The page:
Bullet Train Review

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PLOT: A down-on-his-luck contempt (Brad Pitt) is sent to recover a mysterious briefcase on a Japanese Bullet Train from Tokyo to Morioka. Once aboard, he discovers the train is packed with trained killers, including a wisecracking pair names Lemon (Brian Tyree Henry) and Tangerine (Aaron Taylor-Johnson) and a teenage psychopath (Joey King).

REVIEW: We’ve seen Brad Pitt a lot of ways. We’ve seen him as a heartthrob, we’ve seen him as a cop, we’ve seen him as Cliff Booth and even as Tyler Durden. But, one way we’ve rarely seen him – outside of maybe Mr & Mrs. Smithis as an action star, but that’s all going to change with Bullet Train. So how does Brad Pitt’s long-awaited crowning as an action hero go?

If you’re a fan of action movies, you’re probably familiar with the work of production company 87 North. Run by David Leitch, Chad Stahelski and Kelly McCormick, they’ve been thoroughly transforming Hollywood action movies since bursting onto the scene with John Wick. The key to their success is that they can make a guy like Bob Odenkirk in Nobody into a legit action icon through their expertise, so Brad Pitt has chosen the right crew to hook up with. With Leitch at the helm, Bullet Train is chockfull of action movie expertise. But, with Pitt, they had a dilemma. How do you introduce Brad Pitt as an action star but make it fresh? Frankly, they couldn’t have him do kung-fu or use guns. Keanu Reeves already does that in John Wick. They also couldn’t have him do stunts because Tom Cruise has that down cold. So, they transformed Pitt into an everyman action hero by throwing him in way over his head into a deadly situation and having him fight with props, like old-school Jackie Chan. This gives his character a different kind of energy that works like a charm and differentiates him from the rest of the cast.

Based on the Japanese novel Maria Beetle by Kōtarō Isaka, Brad Pitt plays an unlucky private investigator and not an assassin, as described in many of the other stories I’ve seen being run. It’s his avoidance of murder that gets him into trouble, as he’s been sent onto a Bullet Train in Tokyo to recover a briefcase and pointedly refuses to take the gun his handler has provided for him. He’s newly zen and doesn’t want trouble. Enter a whole cast of characters, including two Cockney assassins named Lemon and Tangerine, played by Aaron Taylor Johnson and Brian Tyree Henry, a vengeful father, played by Andrew Koji, another crazed killer played by Bad Bunny, and a young girl, played by Joey King, who’s deadlier, and more demented than them all.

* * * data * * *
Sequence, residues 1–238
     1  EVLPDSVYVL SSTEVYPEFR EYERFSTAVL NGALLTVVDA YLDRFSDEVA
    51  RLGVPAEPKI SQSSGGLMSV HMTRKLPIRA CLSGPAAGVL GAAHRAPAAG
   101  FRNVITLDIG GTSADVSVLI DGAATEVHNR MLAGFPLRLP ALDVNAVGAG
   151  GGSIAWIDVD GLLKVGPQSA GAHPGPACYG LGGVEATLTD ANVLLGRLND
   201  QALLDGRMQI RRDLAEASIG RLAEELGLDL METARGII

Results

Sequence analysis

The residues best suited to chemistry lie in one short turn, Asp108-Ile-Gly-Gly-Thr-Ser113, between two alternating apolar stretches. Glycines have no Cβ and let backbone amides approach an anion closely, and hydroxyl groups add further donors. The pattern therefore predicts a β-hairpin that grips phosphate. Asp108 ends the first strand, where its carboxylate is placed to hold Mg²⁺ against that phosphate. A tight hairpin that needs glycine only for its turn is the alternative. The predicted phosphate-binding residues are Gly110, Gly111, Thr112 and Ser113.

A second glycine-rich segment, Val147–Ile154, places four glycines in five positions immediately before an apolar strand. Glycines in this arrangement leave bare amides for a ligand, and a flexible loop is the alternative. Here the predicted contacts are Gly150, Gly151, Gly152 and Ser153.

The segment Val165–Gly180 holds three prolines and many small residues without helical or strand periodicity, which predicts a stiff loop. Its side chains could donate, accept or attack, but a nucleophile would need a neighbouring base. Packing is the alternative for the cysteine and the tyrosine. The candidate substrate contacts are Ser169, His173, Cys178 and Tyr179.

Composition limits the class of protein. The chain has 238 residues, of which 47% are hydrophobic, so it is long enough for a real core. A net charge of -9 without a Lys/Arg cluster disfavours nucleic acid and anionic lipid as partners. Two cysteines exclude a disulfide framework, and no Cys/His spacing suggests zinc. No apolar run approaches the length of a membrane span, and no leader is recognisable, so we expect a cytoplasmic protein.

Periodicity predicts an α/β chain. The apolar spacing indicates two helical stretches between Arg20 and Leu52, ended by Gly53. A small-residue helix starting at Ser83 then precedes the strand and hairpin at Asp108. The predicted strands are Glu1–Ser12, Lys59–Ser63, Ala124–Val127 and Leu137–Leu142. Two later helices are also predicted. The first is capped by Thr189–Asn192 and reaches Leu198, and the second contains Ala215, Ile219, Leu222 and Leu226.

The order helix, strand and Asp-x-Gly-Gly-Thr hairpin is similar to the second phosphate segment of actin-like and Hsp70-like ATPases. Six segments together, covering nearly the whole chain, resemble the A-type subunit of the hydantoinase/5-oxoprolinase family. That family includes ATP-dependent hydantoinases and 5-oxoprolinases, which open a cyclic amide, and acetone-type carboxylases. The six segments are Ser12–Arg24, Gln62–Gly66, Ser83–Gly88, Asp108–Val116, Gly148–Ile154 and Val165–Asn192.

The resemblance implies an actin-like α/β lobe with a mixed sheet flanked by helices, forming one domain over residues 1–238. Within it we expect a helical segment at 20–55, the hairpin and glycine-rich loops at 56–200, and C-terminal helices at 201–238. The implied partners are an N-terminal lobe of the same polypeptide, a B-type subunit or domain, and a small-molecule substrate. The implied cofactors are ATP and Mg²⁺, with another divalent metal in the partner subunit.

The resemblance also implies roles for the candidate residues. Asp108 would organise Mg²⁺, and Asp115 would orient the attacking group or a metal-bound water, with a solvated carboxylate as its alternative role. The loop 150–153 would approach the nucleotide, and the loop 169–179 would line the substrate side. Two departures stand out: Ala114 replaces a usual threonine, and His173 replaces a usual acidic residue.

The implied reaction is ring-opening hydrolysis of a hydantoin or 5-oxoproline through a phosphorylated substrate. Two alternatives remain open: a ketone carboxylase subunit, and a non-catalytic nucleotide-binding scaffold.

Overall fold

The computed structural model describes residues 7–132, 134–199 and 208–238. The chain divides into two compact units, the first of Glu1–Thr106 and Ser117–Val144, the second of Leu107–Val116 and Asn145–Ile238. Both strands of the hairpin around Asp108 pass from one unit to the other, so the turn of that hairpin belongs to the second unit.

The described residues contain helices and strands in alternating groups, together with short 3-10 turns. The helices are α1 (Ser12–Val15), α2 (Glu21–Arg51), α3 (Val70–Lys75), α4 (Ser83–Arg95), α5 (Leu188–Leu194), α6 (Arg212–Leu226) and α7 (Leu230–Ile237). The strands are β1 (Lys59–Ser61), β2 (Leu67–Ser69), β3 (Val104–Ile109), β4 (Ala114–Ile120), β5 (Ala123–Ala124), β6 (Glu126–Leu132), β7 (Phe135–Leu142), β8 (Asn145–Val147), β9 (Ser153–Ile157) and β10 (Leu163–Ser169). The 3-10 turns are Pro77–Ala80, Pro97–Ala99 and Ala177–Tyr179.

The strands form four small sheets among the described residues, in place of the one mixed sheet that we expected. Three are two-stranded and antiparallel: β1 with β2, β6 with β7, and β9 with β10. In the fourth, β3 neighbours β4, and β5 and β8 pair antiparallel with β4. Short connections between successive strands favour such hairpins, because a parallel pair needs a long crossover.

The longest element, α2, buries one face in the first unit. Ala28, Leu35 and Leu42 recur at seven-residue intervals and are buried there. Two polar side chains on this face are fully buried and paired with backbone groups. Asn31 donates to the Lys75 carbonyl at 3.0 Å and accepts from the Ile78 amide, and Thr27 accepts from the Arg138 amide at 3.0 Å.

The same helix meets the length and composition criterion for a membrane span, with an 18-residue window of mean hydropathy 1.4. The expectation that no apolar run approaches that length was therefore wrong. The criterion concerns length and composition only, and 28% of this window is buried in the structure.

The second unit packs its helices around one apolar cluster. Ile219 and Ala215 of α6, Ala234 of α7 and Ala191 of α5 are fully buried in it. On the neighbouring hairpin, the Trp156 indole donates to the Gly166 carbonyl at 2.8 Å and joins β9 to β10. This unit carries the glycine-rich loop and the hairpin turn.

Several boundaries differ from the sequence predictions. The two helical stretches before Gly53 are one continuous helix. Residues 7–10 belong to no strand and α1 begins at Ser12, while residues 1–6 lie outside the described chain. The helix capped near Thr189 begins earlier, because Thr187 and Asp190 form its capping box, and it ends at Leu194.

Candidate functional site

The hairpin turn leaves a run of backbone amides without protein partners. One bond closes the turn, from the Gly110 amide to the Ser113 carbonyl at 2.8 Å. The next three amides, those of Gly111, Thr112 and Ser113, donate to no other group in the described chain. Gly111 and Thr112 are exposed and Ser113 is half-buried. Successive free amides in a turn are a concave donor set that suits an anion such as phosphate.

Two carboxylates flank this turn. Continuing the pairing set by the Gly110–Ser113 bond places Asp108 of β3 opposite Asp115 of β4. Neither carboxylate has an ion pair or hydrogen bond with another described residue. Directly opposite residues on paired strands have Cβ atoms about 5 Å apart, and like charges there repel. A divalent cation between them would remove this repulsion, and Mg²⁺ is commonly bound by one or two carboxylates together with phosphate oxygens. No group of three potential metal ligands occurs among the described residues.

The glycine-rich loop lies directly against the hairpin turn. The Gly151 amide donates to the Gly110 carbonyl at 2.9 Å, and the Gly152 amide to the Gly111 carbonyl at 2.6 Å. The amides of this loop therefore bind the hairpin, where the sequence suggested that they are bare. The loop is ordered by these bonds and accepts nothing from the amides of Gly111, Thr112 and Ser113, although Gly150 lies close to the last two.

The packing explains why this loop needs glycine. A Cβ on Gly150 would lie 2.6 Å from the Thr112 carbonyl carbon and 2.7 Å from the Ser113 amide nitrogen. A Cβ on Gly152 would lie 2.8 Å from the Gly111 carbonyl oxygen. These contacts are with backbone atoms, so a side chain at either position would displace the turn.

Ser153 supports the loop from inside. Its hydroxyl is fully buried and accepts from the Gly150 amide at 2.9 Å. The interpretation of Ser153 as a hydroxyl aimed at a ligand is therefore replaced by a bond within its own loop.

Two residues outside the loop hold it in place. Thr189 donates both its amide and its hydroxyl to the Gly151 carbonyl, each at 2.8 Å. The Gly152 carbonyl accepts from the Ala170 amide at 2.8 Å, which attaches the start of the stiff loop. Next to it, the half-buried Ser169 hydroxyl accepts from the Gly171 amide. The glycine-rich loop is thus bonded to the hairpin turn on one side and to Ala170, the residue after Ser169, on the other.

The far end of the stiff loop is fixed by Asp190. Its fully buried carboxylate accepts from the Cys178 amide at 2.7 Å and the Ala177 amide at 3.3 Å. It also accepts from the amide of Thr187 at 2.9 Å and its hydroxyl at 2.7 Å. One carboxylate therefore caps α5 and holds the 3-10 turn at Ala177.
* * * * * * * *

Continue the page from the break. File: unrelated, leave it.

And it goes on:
Bullet Train is what it would be like if you took Knives Out, Murder on the Orient Express, John Wick and Rumble in the Bronx and threw them into a blender. It’s an utterly over-the-top action flick, but with very little in the way of tent-pole movies before October, it’s maybe our last great option for a blast of big-screen action we’ll see for a bit. It’s superior to the recent Gray Man Because it focuses on character, albeit with heavy doses of humour that might turn off more traditional action fans. If you can take it as a romp, it’s a total blast, with some fantastic cameos.

brad pitt bullet train

The whole cast is excellent, with King stealing scenes as the teenaged killer with a heart of stone, while Aaron Taylor-Johnson and Brian Tyree Henry are getting a massive push with this – next to Pitt, they’re almost the protagonists. I can see why Johnson got Kraven off his work here, with him having the movie’s standout fight scene, a battle royale with Mr. Pitt. Tyree Henry brings a lot of heart to his Thomas the Tank Engine-obsessed killer, and both men play beautifully off Pitt.

All that said, this is Pitt’s show all the way. Riffing on his role in True Romance, mixed with Jackie Chan-style fight scenes, there’s a chance his character, Ladybug, could become iconic. He never takes himself too seriously – not for a moment – ​​and his action chops are on point. The rest of the cast is similarly good, but for the sake of spoilers, I’m going to stop describing them right here. Suffice to say, this is Hard-R, with tons of bloody action; although I’ll say this, if you have kids around 11 or 12 that love action, this would be fine for them. The Gray Man has a higher body count, but it’s all bloodless. The fact that fewer people die here, but more brutally, helps sell the stakes much more, in my opinion. The score by Dominic Lewis is top shelf, with lots of interesting song selections, with famous pop songs like Staying Alive and Hero by Bonnie Tyler showing up – in Japanese. While it’s evident that, thanks to the pandemic, this was all shot on a set and not in Japan, I was having a blast throughout, even if the finale is maybe a little too CGI-heavy. They could have pulled it back a tiny bit. I’m wavering a bit between a 7 and an 8, but hey, I’m a sucker for seeing Brad Pitt in action hero mode.

brad pitt bullet train

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